Liam Hemsworth in "The Hunger Games: Catching Fire"  

Catalyst to change

Hemsworth agrees that Katniss, though a reluctant leader, acts as the catalyst to change, something that he hopes will resonate with the film’s young audiences. "I think we’re given a unique opportunity to have a voice, to spread awareness to a particular issue that might be important," Hemsworth said. "Regardless of whether people want to listen to us or not, we’re given a platform to talk on. I think who we are, if we use our platform to do a small bit of good, do the little bit that we can do to spread awareness to something important, I think it’s a unique opportunity to have."

Hutcherson feels that the film touches upon the need for going against the grain in a world where conformity is the rule. "(Today’s young people are) also told all the time about how they’re supposed to be by the media and what kind of people they need to be or how they need to look or dress," the actor said.

"I think this movie just shows that you can go against the pull of things. I think for me that’s the most important thing because that’s what I did when I was a kid in Kentucky. I went against the pull of things and went for what I wanted to do in life, and I’m here talking to you guys. That’s pretty cool I think."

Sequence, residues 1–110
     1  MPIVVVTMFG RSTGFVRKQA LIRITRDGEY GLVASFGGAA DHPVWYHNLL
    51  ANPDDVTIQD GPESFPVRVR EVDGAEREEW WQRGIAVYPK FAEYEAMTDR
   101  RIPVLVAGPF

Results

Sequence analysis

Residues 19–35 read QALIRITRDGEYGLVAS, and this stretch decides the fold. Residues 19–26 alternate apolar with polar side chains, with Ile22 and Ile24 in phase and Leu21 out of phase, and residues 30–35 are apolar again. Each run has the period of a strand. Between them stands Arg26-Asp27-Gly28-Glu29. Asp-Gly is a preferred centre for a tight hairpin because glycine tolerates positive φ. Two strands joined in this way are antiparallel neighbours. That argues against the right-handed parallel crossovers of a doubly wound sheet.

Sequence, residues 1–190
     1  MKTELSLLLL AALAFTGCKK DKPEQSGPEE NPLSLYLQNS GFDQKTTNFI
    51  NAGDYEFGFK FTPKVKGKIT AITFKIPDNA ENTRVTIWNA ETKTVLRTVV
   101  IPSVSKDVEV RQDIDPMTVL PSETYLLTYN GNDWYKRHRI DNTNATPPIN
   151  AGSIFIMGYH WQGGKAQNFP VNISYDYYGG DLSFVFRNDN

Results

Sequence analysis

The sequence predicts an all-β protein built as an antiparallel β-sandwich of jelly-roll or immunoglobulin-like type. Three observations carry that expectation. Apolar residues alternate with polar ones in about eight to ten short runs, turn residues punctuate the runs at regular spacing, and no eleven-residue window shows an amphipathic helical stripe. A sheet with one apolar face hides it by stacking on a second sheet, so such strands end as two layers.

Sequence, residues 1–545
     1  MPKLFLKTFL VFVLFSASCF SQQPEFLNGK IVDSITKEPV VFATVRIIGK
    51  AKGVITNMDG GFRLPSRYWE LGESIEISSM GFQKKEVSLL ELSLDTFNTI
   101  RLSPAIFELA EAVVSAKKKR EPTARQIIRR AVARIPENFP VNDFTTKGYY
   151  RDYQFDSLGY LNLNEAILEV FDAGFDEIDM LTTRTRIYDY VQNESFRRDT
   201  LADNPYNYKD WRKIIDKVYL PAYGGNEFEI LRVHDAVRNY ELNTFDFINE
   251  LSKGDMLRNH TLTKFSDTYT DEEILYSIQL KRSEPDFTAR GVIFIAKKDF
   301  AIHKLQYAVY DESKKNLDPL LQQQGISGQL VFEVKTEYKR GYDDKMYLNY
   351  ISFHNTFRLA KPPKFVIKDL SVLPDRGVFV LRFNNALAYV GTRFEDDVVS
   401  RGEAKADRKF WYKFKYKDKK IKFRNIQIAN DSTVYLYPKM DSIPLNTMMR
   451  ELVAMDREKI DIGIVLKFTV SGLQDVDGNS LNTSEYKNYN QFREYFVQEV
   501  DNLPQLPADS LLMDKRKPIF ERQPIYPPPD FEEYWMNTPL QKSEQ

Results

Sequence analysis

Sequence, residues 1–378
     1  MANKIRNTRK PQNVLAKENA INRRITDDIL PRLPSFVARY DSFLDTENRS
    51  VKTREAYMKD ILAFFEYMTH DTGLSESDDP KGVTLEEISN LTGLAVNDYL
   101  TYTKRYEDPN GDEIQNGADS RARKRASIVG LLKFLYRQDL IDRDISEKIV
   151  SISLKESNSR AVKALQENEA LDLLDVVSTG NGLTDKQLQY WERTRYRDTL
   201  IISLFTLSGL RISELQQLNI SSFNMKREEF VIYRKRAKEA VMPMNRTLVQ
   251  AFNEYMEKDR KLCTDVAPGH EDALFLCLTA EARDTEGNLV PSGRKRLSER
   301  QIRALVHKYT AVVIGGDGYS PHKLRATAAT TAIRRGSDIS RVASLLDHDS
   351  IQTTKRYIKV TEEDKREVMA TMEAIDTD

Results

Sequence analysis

A promotional poster for "The Hunger Games: Catching Fire"  

Girl on fire

Even before the first film came out, Lawrence saw the power of "The Hunger Games." Katniss is nicknamed The Girl on Fire because of a dress she wears that lights ablaze. On the set of the first film, she met a girl who needed just that spark of inspiration.

"When you’re an actor, you don’t ever think, or I hope that you don’t, I don’t ever think that my job is very important, what I do is very important for the world and for people," Lawrence said. "I just love doing it. I remember on the first movie I met a girl who was an extra, and she was covered in scars. She had been burned and I remember her coming up to me and saying that she was self-conscious to go to school when she was younger. Then when she read ’The Hunger Games’ and ’Catching Fire’ she felt proud of her scars and her friends called her The Girl on Fire and I remember just crying and calling my mom. I still can’t tell that story without tearing up."

Last year, Lawrence won some real life acclaim in an Oscar for her role in "Silver Linings Playbook." "Winning the Oscar, something like that is a wonderful gift that I was so grateful for and confused by slightly, but I’m okay with that," she said. "It’s a huge honor and I’m still pinching myself and I think that I still haven’t really fully digested it. I think maybe I shouldn’t. It’s a tremendous honor."

Certainly, when she went back to film "Catching Fire" after Oscar night, nothing had changed. "It actually made me a target," she said. "Woody [Harrelson], every time I’d mess up my line, he’s like, ’Oh, better give that Oscar back.’"

"Catching Fire" opens Friday.


Watch the trailer to The Hunger Games: Catching Fire: